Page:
In its quarterly report for the US Congress, the Special Inspector General for Afghan Reconstruction (SIGAR) said that the Afghan government currently controls or influences only 55.5% of the country’s districts, marking the lowest level recorded since SIGAR began tracking district control in November 2015.
Translated into layman’s terms, the report measures “control” — in which one side runs an area — and “influence” — in which one side has the upper hand.
In November 2015, the Afghan government controlled 72% of districts in the country, but now controls just 56% of them. Insurgent influence or control has risen to 12.5% of districts from just 7% and approximately a third of Afghanistan is a “contested” area.
The official figures offer a glimpse into the Afghan army’s loosening grip in the face of a determined, sustained Taliban insurgency and a bleak outlook for America’s involvement in the war — now in its 17th year.
Civilian deaths at a record high
As the Taliban continues to slightly increase its territorial impact, civilian deaths keep rising.
From January 1 to September 30, 313 civilians were killed and 335 injuries in US-backed air strikes alone — a 39% increase from 2017, according to the report, citing UNAMA data.
Resolute Support, the larger non-combat NATO-led training and advisory mission, said far fewer civilians had died from air strikes, reporting 102 civilian deaths from January to August 15, 2018.
The Afghan National Security Forces (ANDSF), who are tasked with defending the war-ravaged country from a continuing insurgency, have struggled to maintain personnel — indicating that a multi-billion dollar training program funded by the US is failing.
The ANDSF is short of roughly 40,000 personnel — or 11% — of its target strength of 352,000 personnel.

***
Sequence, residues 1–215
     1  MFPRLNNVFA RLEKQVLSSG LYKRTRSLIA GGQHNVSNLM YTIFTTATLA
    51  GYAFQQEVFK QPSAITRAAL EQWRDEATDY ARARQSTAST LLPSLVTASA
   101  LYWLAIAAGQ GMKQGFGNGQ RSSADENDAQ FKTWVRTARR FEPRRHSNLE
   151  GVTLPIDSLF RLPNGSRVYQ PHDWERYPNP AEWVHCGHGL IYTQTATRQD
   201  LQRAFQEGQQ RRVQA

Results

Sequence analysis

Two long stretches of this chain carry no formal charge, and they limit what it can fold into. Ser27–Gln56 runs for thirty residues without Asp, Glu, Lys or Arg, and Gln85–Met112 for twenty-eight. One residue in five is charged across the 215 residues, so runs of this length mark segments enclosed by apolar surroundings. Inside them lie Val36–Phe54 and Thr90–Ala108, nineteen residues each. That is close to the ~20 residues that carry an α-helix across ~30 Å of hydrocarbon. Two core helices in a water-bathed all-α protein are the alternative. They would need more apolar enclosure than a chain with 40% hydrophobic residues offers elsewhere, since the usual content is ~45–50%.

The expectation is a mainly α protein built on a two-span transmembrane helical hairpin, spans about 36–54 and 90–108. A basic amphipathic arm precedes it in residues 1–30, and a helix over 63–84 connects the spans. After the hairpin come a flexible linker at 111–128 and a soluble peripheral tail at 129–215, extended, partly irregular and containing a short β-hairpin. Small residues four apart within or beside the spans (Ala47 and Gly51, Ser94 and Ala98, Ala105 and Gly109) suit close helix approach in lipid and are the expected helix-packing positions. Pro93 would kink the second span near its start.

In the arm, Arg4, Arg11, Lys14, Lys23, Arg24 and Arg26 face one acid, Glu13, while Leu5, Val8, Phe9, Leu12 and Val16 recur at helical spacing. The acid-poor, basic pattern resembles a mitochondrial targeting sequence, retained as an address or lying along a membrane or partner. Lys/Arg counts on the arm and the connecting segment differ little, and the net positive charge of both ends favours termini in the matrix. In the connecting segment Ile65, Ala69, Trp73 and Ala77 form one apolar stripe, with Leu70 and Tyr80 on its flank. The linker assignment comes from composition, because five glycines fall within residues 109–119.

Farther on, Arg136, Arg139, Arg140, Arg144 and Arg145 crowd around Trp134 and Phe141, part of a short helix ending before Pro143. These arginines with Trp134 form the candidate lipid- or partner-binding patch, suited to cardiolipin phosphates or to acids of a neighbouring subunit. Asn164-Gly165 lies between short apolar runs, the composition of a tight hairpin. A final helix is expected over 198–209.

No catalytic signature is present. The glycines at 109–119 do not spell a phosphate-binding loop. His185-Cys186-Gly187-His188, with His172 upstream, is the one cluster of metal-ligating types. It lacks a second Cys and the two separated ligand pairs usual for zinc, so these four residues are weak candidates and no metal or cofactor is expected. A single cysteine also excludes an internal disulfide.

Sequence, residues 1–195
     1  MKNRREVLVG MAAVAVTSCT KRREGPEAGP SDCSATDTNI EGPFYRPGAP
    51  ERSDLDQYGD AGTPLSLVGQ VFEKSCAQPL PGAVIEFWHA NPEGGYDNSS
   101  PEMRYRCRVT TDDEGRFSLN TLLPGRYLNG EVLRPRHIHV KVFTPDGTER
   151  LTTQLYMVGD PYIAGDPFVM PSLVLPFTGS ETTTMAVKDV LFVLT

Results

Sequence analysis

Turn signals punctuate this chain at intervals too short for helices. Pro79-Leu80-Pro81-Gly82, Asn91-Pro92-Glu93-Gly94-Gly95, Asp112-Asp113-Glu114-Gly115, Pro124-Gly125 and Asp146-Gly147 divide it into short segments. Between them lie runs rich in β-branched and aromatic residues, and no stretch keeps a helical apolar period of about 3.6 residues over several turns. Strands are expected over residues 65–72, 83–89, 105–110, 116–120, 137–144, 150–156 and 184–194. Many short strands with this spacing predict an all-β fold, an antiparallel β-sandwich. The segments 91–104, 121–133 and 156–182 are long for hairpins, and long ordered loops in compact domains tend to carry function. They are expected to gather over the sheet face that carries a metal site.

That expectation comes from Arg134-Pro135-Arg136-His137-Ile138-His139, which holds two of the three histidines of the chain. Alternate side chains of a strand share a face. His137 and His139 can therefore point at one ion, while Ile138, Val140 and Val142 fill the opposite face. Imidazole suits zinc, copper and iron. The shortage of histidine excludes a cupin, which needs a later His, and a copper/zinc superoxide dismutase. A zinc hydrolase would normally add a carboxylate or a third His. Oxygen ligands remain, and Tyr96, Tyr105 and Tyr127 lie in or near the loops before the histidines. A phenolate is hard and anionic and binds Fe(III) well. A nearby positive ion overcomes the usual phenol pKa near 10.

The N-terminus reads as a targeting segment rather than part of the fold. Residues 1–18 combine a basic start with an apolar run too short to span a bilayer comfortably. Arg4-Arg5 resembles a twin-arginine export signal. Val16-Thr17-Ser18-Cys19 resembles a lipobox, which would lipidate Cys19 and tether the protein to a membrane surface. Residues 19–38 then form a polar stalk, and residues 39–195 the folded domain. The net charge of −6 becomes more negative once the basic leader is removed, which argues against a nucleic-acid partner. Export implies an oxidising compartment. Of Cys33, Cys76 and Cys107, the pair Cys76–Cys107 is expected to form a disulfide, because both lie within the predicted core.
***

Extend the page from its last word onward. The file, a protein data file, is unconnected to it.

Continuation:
No explanation was provided for the drop in those numbers, although the growth of the insurgency over the past few years will probably have led to the deaths of many police or army personnel, or contributed to the decision of others to leave the forces.
The United States Department of Justice has also raised concerns about the Afghan attorney general’s performance, citing corruption and “unproductive, corrupt and patronage-laden” practices.
Earlier this month, Afghans rode a wave of hope that the notoriously corrupt and inefficient political system in Afghanistan could be overhauled as they cast their ballots in a vote that had already been delayed for three years because of security concerns.
But the days leading up to the vote were marred with violence.
The Taliban claimed responsibility for the October 18 attack on the powerful police chief of Kandahar province, Gen. Abdul Raziq Achakzai. Hours after his death, they issued another statement warning Afghans not to participate in what they called “an American project from start to finish.”
The Taliban message said the group intended to close all “major and minor roads” throughout the country and urged Afghans to stay indoors. “We do not want to harm any common Afghan and therefore ask the public and especially city dwellers to refrain from participating or casting votes during elections,” it said.
A candidate for parliament in Helmand province, Abdul Jabar Qahraman, was killed with three others by a bomb in his campaign office days before the election.
After casting his vote, Afghan President Ashraf Ghani thanked law enforcement, election officials and citizens who made the election possible “despite the risks involved.”
Correction: An earlier version of this story and its headline mistakenly included a quote from the 2016 Special Inspector General for Afghan Reconstruction’s report.
CNN’s Nick Paton Walsh and Ali M. Latifi contributed to this report.